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Stay awake with the Wake Lock API

The Wake Lock API provides a way to prevent devices from dimming or locking the screen when an application needs to keep running.


The Wake Lock API, part of Google's capabilities project, is currently in development. This post will be updated as the implementation progresses.

What is the Wake Lock API?

To avoid draining the battery, most devices quickly go to sleep when left idle. While this is fine most of the time, some applications need to keep the screen or the device awake to complete their work. Examples include a run-tracking app, which turns the screen off but keeps the system awake, or a game like Ball Puzzle, which uses the device motion APIs for input.

The Wake Lock API provides a way to prevent the device from dimming and locking the screen or going to sleep. This capability enables new experiences that, until now, required a native app.

The Wake Lock API reduces the need for hacky and potentially power-hungry workarounds. It addresses the shortcomings of an older API that was limited to simply keeping the screen on and had a number of security and privacy issues.

Suggested use cases for the Wake Lock API

RioRun, a web app developed by The Guardian, was a perfect use case (though it's no longer available). The app takes you on a virtual audio tour of Rio, following the route of the 2016 Olympic marathon. Without wake locks, users' screens would turn off frequently while the tour played, making it hard to use.

Of course, there are plenty of other use cases:

  • A recipe app that keeps the screen on while you bake a cake or cook dinner
  • A boarding pass or ticket app that keeps the screen on until the barcode has been scanned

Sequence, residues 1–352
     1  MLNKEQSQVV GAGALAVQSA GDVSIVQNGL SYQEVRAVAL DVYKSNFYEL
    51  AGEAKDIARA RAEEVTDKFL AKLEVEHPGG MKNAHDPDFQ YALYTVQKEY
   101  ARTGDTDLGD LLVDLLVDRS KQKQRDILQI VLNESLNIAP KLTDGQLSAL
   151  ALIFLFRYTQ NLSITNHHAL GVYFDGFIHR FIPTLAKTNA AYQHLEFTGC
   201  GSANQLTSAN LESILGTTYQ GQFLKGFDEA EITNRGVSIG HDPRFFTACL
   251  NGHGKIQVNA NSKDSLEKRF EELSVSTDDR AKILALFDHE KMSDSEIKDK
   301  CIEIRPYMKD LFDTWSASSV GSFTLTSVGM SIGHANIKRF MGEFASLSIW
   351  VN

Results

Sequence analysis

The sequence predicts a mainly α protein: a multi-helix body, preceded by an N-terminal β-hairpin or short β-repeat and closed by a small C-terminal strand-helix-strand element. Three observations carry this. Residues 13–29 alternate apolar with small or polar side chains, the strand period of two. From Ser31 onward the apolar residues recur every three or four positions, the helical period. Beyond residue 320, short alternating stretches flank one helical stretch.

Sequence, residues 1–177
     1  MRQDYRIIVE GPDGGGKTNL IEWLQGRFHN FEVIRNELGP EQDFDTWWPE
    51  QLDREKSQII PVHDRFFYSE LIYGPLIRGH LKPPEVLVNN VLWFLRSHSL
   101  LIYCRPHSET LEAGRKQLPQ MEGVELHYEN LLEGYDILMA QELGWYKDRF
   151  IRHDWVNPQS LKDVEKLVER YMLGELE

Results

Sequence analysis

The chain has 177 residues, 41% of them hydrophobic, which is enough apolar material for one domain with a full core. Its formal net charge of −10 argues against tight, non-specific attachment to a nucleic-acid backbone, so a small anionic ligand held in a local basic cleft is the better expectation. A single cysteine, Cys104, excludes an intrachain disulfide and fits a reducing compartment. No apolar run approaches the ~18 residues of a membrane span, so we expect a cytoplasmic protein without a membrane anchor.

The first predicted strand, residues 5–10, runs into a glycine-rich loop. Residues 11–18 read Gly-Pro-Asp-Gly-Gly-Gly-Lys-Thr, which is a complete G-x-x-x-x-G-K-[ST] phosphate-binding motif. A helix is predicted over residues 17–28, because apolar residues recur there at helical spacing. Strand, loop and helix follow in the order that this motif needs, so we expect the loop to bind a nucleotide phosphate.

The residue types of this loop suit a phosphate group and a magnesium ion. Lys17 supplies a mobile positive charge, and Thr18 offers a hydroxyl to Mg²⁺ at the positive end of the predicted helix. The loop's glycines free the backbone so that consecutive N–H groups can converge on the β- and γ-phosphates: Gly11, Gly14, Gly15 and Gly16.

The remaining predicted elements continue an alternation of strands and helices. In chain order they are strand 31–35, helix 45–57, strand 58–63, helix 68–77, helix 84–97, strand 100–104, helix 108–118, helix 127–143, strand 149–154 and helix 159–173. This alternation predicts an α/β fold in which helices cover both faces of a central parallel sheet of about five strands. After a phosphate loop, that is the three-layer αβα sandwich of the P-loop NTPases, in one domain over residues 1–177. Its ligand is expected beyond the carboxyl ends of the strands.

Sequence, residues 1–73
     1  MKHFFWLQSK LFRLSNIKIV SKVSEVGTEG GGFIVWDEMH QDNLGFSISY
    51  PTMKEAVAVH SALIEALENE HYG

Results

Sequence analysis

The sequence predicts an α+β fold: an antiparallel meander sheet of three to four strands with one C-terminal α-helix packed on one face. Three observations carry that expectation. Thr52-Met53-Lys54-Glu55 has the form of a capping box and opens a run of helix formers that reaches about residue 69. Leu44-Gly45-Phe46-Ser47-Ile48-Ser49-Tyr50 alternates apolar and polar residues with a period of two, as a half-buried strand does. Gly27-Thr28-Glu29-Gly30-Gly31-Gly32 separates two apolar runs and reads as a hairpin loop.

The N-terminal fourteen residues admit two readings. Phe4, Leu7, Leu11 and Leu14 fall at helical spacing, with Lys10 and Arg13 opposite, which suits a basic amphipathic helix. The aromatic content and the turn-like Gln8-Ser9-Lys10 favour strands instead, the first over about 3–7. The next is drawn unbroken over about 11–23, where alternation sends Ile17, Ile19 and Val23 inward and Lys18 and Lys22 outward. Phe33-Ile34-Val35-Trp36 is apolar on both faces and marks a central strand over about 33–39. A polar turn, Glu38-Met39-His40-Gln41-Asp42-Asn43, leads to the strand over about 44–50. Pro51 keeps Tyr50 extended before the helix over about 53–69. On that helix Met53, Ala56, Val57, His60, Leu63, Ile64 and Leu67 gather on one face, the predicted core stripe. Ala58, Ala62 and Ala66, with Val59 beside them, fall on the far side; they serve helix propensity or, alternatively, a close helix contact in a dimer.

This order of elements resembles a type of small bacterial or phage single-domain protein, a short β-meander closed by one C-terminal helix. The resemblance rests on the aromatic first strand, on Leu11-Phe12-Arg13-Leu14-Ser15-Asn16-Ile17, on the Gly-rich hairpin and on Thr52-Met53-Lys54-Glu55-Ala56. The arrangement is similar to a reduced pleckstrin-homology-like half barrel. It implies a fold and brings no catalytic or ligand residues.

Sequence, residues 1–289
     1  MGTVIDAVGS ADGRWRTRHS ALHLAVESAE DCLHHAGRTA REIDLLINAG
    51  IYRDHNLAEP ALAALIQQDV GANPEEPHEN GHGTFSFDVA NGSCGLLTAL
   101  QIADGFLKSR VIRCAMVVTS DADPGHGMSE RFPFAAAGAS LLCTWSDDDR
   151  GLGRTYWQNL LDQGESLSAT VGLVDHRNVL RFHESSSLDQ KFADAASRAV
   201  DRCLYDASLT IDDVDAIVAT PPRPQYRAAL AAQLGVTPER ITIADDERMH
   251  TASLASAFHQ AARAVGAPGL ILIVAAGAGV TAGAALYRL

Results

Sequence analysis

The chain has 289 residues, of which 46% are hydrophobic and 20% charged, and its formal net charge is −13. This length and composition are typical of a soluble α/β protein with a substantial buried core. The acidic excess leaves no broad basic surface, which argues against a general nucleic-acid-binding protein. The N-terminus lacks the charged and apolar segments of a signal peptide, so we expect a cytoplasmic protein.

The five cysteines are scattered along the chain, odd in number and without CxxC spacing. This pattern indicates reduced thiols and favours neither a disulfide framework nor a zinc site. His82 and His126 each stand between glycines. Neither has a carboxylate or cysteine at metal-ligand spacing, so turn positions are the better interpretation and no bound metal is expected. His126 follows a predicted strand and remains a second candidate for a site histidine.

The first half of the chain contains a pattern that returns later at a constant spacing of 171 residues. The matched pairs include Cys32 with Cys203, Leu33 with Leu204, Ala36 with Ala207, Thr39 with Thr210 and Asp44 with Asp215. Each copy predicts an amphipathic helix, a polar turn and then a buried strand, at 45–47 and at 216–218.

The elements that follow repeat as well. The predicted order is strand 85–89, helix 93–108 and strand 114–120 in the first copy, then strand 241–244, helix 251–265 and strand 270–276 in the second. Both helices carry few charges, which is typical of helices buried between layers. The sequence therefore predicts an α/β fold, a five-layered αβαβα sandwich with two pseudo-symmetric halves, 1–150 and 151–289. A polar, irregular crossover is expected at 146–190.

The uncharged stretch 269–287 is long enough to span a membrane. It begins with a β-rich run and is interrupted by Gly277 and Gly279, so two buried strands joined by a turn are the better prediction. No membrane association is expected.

• A kiosk-style app that keeps the screen on continuously
  • A web-based presentation app that keeps the screen on during a presentation

Current status

Step Status
1. Create explainer N/A
2. Create initial draft of specification Complete
3. Gather feedback and iterate design In Progress
4. Origin trial In Progress
5. Launch Not Started

Big thanks to the folks at Intel, specifically Mrunal Kapade, for implementing this API. Chrome depends on a community of committers working together to move the Chromium project forward. Not every Chromium committer is a Googler, and these contributors deserve special recognition!

Using the Wake Lock API

Enabling support during the origin trial phase

The Wake Lock API will be available as an origin trial in Chrome 79. The origin trial is expected to end in Chrome 81.

Origin trials allow you to try new features and give feedback on their usability, practicality, and effectiveness to the web standards community. For more information, see the Origin Trials Guide for Web Developers. To sign up for this or another origin trial, visit the registration page.

Register for the origin trial

  1. Request a token for your origin.
  2. Add the token to your pages. There are two ways to do that:
    • Add an origin-trial <meta> tag to the head of each page. For example, this may look something like:
      <meta http-equiv="origin-trial" content="TOKEN_GOES_HERE">
    • If you can configure your server, you can also add the token using an Origin-Trial HTTP header. The resulting response header should look something like:
      Origin-Trial: TOKEN_GOES_HERE

Enabling via chrome://flags

To experiment with the Wake Lock API locally, without an origin trial token, enable the #experimental-web-platform-features flag in chrome://flags.


Check out the Wake Lock demo and demo source. Notice how the wake lock gets automatically released when you switch tabs or switch to a different app.

Wake lock types

The Wake Lock API provides two types of wake locks: screen and system. While they are treated independently, one may imply the effects of the other. For example, a screen wake lock implies that the app should continue running.

screen wake lock

A screen wake lock prevents the device's screen from turning off so that the user can see the information that's displayed on screen.